The Boston Massacre Analysis

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Walter Staples HIST-1301-171 February 14, 2012 Paul Revere A simple definition of the word propaganda is to manipulate the public opinion in a biased or misleading way, usually to promote a political cause or point of view. According to Paul Revere’s painting of the Boston Massacre, the actual event in 1770 was a slaughter, with Americans having no ability to defend themselves. The British appear to have simply fired on the crowd without provocation and in an orderly fashion. They are portrayed to be tyrannical monsters that would kill without reason. In reports from the trial of the eight soldiers however, we learn that the massacre was chaos. The crowds taunted the soldiers and were armed with clubs. In the words of the Captain, they…show more content…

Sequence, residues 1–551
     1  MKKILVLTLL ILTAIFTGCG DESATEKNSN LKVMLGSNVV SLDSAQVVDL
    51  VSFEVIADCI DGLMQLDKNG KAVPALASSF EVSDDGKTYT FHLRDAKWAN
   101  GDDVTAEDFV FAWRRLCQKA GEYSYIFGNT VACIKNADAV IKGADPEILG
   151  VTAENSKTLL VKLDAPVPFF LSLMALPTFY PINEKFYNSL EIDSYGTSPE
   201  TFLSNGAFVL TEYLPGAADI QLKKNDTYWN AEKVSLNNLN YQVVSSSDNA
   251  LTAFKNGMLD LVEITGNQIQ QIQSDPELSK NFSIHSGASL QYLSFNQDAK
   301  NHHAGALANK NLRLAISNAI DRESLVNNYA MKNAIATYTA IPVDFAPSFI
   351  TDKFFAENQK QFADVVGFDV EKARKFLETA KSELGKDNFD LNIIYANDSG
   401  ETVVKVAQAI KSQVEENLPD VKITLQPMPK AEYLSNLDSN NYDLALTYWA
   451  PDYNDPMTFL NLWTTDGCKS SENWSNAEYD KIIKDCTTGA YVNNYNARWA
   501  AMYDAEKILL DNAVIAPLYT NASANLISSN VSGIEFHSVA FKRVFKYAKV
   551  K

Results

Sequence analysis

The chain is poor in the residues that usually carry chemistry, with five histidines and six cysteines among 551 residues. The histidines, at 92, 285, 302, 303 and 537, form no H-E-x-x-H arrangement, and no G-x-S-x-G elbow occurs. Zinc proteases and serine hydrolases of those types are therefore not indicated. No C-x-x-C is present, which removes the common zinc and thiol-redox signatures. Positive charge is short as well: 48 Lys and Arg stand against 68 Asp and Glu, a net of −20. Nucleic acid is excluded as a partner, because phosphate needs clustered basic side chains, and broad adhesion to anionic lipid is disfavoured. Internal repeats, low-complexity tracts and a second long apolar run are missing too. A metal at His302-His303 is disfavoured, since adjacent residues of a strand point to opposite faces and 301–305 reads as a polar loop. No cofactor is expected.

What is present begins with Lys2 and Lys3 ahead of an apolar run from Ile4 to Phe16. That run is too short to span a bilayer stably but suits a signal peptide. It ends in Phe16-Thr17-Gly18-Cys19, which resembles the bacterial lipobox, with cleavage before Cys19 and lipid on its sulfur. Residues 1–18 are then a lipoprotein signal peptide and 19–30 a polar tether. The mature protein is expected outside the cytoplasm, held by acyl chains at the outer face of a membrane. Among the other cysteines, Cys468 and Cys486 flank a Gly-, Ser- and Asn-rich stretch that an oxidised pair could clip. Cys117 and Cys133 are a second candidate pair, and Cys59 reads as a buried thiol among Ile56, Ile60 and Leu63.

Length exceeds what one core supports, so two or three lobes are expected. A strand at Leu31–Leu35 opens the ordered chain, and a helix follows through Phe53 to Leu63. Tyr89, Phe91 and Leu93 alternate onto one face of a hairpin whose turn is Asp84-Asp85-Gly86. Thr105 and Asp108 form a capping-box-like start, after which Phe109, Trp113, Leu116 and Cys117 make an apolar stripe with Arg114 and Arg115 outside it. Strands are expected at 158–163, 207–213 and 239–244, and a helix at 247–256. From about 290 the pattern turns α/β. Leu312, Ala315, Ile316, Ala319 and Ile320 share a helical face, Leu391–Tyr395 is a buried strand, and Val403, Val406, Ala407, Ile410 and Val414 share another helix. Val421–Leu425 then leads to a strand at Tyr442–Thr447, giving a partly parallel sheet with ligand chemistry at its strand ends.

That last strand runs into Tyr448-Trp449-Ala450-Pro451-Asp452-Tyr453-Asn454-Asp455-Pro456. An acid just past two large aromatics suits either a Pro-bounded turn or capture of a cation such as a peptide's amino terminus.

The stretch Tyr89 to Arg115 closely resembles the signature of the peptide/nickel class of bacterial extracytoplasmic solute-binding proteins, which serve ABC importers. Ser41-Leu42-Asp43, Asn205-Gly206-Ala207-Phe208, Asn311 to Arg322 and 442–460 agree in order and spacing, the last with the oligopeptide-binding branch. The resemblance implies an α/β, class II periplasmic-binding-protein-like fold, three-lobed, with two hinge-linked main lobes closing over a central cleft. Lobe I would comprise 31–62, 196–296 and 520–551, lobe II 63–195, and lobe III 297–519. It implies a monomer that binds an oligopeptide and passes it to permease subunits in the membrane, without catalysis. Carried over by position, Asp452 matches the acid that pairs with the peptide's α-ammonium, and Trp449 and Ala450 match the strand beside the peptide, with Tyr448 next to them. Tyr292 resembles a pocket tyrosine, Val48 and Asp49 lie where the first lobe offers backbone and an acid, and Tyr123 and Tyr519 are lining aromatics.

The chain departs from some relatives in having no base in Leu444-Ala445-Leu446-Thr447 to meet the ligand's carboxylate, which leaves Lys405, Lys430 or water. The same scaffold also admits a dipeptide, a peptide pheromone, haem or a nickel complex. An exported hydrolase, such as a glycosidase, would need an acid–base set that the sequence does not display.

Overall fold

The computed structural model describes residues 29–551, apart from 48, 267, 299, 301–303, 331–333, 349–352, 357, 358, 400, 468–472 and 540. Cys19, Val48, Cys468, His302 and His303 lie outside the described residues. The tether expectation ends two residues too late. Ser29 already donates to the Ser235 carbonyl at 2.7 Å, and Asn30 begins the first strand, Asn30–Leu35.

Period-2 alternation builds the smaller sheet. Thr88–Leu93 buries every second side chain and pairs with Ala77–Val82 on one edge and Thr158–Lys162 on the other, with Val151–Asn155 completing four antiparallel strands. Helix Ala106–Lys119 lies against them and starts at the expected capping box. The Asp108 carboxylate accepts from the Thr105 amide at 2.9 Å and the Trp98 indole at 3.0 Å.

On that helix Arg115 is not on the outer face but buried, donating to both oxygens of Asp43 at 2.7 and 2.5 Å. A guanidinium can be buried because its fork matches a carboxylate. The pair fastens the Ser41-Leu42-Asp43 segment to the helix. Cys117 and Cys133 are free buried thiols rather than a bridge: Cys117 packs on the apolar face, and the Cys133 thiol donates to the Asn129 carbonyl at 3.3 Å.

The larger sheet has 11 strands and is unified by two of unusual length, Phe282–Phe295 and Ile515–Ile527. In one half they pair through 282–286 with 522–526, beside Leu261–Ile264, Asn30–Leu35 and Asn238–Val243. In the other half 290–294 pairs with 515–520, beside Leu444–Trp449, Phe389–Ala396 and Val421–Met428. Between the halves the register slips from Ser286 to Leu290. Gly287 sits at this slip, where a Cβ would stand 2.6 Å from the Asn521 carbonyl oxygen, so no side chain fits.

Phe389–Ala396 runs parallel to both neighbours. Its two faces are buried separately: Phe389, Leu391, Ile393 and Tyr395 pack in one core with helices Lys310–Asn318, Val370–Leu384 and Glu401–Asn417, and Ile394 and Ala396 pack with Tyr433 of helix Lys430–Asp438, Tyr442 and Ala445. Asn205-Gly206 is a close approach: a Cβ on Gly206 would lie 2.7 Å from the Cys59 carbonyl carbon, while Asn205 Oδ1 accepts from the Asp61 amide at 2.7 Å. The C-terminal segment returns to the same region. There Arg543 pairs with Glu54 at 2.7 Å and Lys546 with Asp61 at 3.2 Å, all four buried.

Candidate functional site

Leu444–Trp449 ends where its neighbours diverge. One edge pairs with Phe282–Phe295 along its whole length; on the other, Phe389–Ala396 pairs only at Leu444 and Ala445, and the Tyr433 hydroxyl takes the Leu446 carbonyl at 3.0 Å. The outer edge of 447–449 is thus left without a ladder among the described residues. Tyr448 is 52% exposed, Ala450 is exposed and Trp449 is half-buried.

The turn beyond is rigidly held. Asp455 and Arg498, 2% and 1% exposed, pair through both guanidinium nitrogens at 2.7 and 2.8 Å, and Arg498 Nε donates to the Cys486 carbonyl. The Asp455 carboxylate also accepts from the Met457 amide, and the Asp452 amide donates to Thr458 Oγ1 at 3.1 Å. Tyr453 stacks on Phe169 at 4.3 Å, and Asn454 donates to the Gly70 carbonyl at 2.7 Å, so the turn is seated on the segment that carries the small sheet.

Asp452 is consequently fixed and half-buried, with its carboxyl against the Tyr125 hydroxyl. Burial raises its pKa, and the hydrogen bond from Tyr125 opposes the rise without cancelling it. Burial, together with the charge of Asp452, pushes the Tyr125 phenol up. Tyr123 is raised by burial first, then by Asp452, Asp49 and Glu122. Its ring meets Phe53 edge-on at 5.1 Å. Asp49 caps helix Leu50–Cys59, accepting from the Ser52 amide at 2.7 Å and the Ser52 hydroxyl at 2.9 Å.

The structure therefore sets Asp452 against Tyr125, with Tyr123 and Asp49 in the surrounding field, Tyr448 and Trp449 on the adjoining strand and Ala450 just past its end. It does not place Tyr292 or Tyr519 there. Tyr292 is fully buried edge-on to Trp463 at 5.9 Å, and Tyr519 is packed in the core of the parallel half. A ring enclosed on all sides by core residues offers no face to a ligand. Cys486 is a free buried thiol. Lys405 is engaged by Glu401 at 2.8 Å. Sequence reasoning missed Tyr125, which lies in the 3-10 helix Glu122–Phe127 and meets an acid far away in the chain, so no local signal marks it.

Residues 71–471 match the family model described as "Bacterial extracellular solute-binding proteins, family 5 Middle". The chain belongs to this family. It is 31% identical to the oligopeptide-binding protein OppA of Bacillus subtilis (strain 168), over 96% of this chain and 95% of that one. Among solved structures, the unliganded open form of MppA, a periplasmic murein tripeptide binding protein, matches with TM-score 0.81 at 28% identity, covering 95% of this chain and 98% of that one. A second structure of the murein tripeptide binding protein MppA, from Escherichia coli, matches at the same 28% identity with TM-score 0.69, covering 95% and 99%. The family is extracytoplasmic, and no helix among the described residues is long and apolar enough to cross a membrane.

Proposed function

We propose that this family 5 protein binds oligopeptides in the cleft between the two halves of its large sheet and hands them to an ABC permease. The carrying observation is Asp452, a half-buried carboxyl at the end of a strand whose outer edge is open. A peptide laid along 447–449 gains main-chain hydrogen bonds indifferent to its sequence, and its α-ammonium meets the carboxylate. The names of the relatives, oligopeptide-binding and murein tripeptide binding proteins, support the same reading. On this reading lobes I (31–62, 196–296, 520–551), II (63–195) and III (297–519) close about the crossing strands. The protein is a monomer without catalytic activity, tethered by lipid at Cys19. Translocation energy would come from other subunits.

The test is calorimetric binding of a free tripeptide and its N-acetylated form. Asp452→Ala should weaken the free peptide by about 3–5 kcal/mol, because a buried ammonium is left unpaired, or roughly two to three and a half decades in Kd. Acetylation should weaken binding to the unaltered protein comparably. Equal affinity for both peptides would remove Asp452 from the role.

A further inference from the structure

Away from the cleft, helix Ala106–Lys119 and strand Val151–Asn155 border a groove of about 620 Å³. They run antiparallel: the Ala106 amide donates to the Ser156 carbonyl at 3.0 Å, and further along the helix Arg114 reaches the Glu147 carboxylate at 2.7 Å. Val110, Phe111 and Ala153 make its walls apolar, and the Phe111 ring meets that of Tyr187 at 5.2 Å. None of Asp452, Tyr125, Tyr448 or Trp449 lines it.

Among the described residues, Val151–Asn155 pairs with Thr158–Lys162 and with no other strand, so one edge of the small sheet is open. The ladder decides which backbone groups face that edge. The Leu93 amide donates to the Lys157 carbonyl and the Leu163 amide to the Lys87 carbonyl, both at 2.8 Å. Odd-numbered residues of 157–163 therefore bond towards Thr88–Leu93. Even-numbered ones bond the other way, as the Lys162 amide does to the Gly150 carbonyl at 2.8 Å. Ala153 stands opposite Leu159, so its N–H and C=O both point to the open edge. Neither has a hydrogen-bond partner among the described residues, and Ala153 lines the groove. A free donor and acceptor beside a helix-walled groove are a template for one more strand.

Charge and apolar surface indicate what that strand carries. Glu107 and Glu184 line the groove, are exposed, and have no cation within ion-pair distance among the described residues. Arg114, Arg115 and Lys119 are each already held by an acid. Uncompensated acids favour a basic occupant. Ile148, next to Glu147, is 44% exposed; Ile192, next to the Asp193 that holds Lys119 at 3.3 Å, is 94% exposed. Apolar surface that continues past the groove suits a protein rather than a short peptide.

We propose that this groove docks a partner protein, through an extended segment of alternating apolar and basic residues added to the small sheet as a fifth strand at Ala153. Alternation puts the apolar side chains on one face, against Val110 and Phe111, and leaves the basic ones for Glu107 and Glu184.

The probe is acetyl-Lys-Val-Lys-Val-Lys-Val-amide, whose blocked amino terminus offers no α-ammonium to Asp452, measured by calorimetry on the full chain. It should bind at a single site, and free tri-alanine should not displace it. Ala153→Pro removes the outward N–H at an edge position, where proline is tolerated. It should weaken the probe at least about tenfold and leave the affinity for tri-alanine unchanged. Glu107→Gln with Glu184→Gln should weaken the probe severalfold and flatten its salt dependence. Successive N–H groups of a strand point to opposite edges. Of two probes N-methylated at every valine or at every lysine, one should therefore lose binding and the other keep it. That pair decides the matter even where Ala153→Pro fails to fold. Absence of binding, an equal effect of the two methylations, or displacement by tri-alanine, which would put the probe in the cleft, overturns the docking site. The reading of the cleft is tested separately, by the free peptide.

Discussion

Many ports throughout the Middle Atlantic colonies and South Carolina enjoyed a huge boost to their economies by trading with Britain. In exchange for back country products, they received manufactured goods from England. Many of the merchants in Philadelphia and New York also had political influence and argued that security and safety was in staying with the mother country. Many of them also relied on insurance provided from England’s banks and as stated that independence would be unprofitable. This might be particularly true considering that many of the merchants were enjoying as much as a ten percent profit. There were also fears. Some feared that to wage war with Britain would require foreign aid, and would lead to yet another distant country trying to run American affairs. There was the fear of the unknown. Nobody knew what would happen with independence, or whether their situations would become worst or better with independence. There was fear of losing the war for independence, of the consequences and loss of freedoms that liberty would bring. The primary leader of the reconcilationists, John Dickinson, warned of the loss of American lives, and of the possible destruction that a war for independence might bring. John Adams on the other hand, argued that the very idea of reconciliation was “naïve.” He defended the ideas that many of the independent party had, including that after the hostilities had broken out, nothing but a true break from Britain would suffice for American freedom. He reemphasized this point after the failed invasion of Canada, stating that there was now “no Prospect, no Probability, no Possibility” of reconciling with
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